New legal impact of a loss of generator power due to flooding
Posted Feb 08 2010 2:03am
If you have a generator in your hospital basement or your facility is located in any part of a flood zone, you need to be concerned about some recent legal activity. It involved the old Methodist Hospital in New Orleans that lost power when its basement flooded after the breaks in the levees during Hurricane Katrina. The power failure may have, in part, lead to death of a newly ventilated patient.
The Louisiana Supreme Court decided that the family could seek damages under general liability rather than limiting the suit to medical malpractice, which is capped at $500,000 in the State. It seems there may now be a settlement, but there is a warning here for hospitals.
To me, it comes down to the question, is your generator located in an area with the potential for failure in a flood, or other, scenario. If so, you risk of exposure to general liability suits if during a disaster your generator fails - for any reason. I fear this is moving us toward fail-proof disaster preparedness and wonder who will pay the cost to move all of the generators located in areas at risk for flooding. And, for a big hospital, are they light enough to be placed on the roof. The last new one I saw was a monster and I would fear it being on the roof, especially in places like California and other earthquake zones.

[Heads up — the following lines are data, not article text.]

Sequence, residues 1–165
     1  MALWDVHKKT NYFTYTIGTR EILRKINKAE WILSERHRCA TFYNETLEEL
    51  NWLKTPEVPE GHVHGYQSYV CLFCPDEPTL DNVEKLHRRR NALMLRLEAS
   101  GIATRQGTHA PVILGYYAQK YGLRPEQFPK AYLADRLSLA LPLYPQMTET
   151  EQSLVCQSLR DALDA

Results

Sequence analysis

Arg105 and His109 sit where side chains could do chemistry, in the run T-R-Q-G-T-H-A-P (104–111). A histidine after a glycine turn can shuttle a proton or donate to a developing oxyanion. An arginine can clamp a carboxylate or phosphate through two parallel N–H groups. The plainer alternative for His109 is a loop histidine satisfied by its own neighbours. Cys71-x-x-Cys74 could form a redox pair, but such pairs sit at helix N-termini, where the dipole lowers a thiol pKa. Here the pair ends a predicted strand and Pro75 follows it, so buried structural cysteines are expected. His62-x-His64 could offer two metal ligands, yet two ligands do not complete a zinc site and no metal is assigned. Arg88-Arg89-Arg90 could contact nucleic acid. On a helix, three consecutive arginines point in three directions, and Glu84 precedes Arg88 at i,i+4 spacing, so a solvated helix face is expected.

I'm torn. We strive to be prepared, and often times do our best while juggling multiple jobs (COO, Risk Manager, & Safety Officer). Now, we may have to be PERFECT and where will we get the money. The designs of new hospitals can take into consideration our lessons learned. But, older hospitals will need to balance this risk with all of their other capital needs.
So, if there is any risk for flooding due to significant rainfall, a water main break, levee break, overflowing rivers or streams, or a tsunami then be prepared to have general liability claims filed in addition to medical malpractice. I'm afraid the bar is being raised.
I wonder what would have happened if they simply ran out of fuel. Would we instead be talking of the expectation that hospitals have even larger underground/above-ground storage of fuel in case of an event like Katrina. (I wouldn't want to live or work in that neighborhood) Lets draw a reasonable line; please!